An intergalactic cloud has slammed into the Milky Way Galaxy and left a big hole.

Milky Way supershell
Top: This map of neutral hydrogen gas in the outer Milky Way Galaxy reveals a gigantic supershell, 3,000 light-years wide. Faintly apparent are several spoke structures. Bottom: At the bubble's center is a high-velocity cloud, its radio contours shown in this composite image. The cloud likely created the bubble when it rammed into our galaxy's gas.
Geumsook Park and Bon-Chul Koo / Seoul National University

Our galaxy is full of gas. It’s a good thing, too, because that’s what stars are made of. But this gas isn’t evenly distributed: sometimes it clumps into gigantic, dense clouds, other times it’s carved out by stellar outbursts or supernovae.

Among the largest cavities are supershells. These structures are big empty bubbles in a galaxy’s gas — so big, they can easily be 2,000 light-years wide. It takes a whole lot of energy to inflate that kind of bubble: the equivalent of at least 30 supernovae, planted like little vicious bombs at the cavity’s center.

But oddly, most of the supershells we know of in the Milky Way (about 20) or in nearby galaxies don’t have aging star clusters at their centers. So what blew them up, if not stars?

One alternative is high-velocity clouds. These clouds shower the Milky Way in a steady drizzle, helping to fuel star formation. We’re not sure if they’re debris from torn-up satellite galaxies, or stuff spewed out by our own supernovae, or gunk from the greater cosmos. Whatever they are, if such a cloud rammed into a galaxy, it could blast out a big bubble.

Geumsook Park (Seoul National University, South Korea) and colleagues have now found the first solid example of a high-velocity cloud doing just that. Astronomers already knew of the cloud, called HVC 040+01-282 (for its coordinates), which lies below the plane of the Milky Way’s disk in the outer galaxy, near the Scutum-Centaurus arm. This high-velocity cloud is of the “compact” kind, as opposed to being large and extended, so it’s nicknamed CHVC040 (the C is tacked on for “compact”).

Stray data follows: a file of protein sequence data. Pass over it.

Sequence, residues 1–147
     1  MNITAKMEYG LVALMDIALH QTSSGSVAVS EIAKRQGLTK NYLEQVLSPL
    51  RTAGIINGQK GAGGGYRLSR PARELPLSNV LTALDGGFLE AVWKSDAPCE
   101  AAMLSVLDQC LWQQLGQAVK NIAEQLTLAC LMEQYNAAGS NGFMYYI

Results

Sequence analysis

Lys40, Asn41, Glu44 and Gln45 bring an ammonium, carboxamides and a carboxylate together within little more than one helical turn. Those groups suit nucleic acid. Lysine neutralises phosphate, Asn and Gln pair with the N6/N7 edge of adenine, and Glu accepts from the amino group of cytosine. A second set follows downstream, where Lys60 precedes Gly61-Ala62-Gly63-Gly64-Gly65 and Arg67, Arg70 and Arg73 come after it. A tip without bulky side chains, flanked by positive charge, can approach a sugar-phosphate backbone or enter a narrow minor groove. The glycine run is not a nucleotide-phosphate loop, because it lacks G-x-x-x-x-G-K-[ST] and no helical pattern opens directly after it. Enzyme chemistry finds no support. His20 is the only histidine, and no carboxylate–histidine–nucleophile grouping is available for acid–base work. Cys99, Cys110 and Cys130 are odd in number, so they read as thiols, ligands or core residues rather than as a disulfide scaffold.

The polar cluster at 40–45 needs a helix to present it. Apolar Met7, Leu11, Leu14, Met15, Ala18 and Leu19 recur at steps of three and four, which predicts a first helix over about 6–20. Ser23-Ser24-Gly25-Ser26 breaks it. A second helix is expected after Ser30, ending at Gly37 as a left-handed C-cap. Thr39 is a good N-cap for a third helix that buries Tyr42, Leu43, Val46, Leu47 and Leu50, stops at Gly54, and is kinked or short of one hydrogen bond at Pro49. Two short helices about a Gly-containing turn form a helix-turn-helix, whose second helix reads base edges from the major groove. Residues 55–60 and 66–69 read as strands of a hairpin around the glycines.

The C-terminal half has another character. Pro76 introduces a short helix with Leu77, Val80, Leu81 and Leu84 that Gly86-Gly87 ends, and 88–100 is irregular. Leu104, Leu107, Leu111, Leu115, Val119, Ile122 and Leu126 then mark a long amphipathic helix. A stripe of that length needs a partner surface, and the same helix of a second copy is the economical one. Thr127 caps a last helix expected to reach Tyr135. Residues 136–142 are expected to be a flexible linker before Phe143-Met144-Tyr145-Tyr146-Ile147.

As part of the I-GALFA survey with the Arecibo radio telescope, the team discovered a supershell surrounding CHVC040. The shell is a whopping 3,000 light-years wide, with neat spoke-looking structures inside it to boot. And smack-dab in its center sits CHVC040.

The team estimates in an upcoming Astrophysical Journal Letters paper that, if the cloud collided with its max possible velocity, it would have had more than enough energy to blow out the supershell.

Coauthor Bon-Chul Koo (Seoul National University) explains that supershells play an important role in galaxy ecology. They serve as "chimneys" that spew the heavier elements produced by supernovae in the disk into a galaxy’s halo, changing the gas’s composition. They can also heat and stir up the interstellar medium, or trigger star formation by compressing gas.

CHVC040 is the first high-velocity cloud linked to one of these bubble structures. But it’s probably not unique. Astronomers know of about 300 compact HVCs in the Milky Way, and many are stretched out into comet-like shapes, presumably as they burrow through the hot gas surrounding our galaxy in a big halo. There could be many more such pairings.



G. Park et al. “A High-Velocity Cloud Impact Forming a Supershell in the Milky Way.” Accepted to Astrophysical Journal Letters. Prepublication draft available here.


Image of Bill


August 5, 2016 at 4:45 pm

As Mr. Spock of Star Trek would say, "Fascinating." And Fred Hoyle would be pleased—or alarmed—at the prospect of a big cloud barrelling through the cosmos, as he wrote about in his science-fiction novel, "The Black Cloud":

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